KN: Well, of course, it makes me very proud to know that I've kind of influenced these students. You know, that's kind of your goal as a teacher is to make a difference, at least in somebody’s life. And to hear David say that I kind of helped guide his path and his direction, you know, I'm very honored to be a part of that. And, you know, when you hear other students talked about those different goals, and, you know, maybe it's just a small little thing as a freshman, but who knows what that could develop into. And so I think one of the things that we try to do in FFA to encourage those kids to, to keep working on that, and to keep building those projects. and to keep working toward some of those goals, to hopefully built something they can use in the future, a skill that they can use for life.
JW: Absolutely. And I just want to clarify, FFA is the Future Farmers of America in that has been an organization that's been part of your career also. And you started out at Lowell High School yourself.
KN: Yeah, I did. So when I was a high school student, you know, I was part of the FFA program. And really, you know, it started out as the Future Farmers but now it's just known as the FFA organization, just because it's not just farming. There’s so much more to it like hydroponics and the business side of things and horticulture and so much more.
JW: I'm so glad that you clarified that. It is an expansive organization and also a wonderful educational opportunity for all of us. So Mr. Nugent, what would you tell other educators about the importance of asking students what their dreams are, and inspiring those dreams to come true?
KN: Well, I think it is important just to find out where those students kind of see themselves. You know, quite often we look at students and say, well, your goal is to get to college. You got to get to college. You got to get this degree, And maybe by sitting and listening we’ll see where do you want to go in the future? What are your goals? To be able to help make those things happen for them. You know, really, you know, every student is different. Every dream that they have is a little bit different. But as teachers, I think we can help all those students find those dreams and make them come true.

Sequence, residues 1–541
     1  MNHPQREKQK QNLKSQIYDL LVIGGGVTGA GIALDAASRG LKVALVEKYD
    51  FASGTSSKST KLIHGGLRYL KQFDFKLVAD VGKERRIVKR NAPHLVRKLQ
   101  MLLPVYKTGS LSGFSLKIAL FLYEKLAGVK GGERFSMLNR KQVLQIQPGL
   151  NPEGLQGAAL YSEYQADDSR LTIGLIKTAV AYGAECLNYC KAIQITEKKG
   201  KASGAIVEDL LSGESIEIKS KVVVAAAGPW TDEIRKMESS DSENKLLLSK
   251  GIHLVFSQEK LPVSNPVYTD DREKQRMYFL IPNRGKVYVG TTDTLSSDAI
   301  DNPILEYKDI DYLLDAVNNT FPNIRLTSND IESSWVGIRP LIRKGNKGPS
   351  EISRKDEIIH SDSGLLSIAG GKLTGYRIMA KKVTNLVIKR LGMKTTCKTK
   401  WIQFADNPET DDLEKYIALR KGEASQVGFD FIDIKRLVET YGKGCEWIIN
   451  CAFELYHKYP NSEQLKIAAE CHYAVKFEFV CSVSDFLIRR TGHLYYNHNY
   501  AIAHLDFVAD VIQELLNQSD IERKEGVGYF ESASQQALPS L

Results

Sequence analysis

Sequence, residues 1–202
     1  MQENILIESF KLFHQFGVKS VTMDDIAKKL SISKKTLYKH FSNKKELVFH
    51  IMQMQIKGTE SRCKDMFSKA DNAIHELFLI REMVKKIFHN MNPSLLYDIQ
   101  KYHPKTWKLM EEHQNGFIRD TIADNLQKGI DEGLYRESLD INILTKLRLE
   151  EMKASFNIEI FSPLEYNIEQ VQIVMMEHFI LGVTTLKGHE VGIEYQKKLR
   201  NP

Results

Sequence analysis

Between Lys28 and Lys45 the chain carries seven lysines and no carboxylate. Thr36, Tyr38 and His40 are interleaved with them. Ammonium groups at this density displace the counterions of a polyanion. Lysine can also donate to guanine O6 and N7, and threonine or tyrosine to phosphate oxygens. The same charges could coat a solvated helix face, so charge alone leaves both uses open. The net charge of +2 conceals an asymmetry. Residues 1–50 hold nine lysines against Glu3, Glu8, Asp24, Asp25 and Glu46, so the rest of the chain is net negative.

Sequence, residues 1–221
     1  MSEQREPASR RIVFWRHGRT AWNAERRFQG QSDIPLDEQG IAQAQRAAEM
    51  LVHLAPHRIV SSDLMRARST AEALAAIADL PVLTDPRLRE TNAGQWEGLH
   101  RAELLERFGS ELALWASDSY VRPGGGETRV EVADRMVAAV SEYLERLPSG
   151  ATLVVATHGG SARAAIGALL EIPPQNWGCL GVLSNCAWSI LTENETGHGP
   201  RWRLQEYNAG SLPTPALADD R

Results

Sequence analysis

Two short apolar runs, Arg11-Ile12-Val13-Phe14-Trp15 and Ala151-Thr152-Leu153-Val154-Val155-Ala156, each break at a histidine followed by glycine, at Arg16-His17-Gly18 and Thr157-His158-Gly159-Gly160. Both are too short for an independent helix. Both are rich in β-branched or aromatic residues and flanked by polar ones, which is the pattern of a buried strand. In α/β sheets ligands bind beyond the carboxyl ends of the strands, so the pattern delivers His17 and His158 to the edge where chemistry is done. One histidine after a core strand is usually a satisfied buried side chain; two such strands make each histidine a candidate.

JW: We really appreciate the work that you've done and are doing with David and your students to help make their dreams come true and to help them connect with experiences that are real world and can really make an impact in the future. David, I have a question for you. So tell me about your greens. Are they super delicious and what’s your favorite combination if you're going to make a great salad out of them?
DJ: So my greens can vary from my microgreens to my hydroponics. I remember the first time I had a harvest, I had so much that I didn't know what to do with it, so I bought a home and tried it. It was bibb lettuce and I took it home, threw some Ranch on it, a little croutons. I had extra from all the other little healthy stuff I had in the fridge and I tried it and I was like, you know what? This is actually pretty good. I might be able to do something with this.
JW: And that really got you started!
DJ: And then my microgreen side - microgreens are the sprouts of certain plants - and they grow up until you show them light and then they turn green and force all their energy into their greening of their leaves and then they have a flavor change. So microgreens, some of them could actually be more spicy and hot rather than their full-grown version of themselves.
JW: That's very interesting. I bet you do a lot of experimentation.
DJ: Yeah, I've played around and have had a few things go wrong and things go well and discovered, “fail fast, learn fast”.
JW: What's your goal for next year? And how will you know if you make your dreams come true?
DJ: Next year, I'm actually attending the Michigan State University Institute of Agriculture and Technology for my associate's degree. I believe that is the best way that I can take for the plant path that I want and expanding my horizons to see how far that I can keep going. I don't believe that my dream will ever stop expanding past what I want it to. I don't think I'll be able to achieve that, but I can certainly meet my goal thresholds.
JW: It sounds like a great pathway that you're on. I really want to thank both of you for talking with me today and for sharing your dreams. It's really wonderful to have you here. It's been a very good pleasure.
DJ: Thank you.
KM: Thanks for having us.
JW: And thanks to everyone listening today. If you know a student who dreams big, we would love to share their story. You can share your ideas and hear more dream stories at kentisd.org/yourdream. The Your Dream is Our Dream podcast is presented by Kent ISD in partnership with WGVU.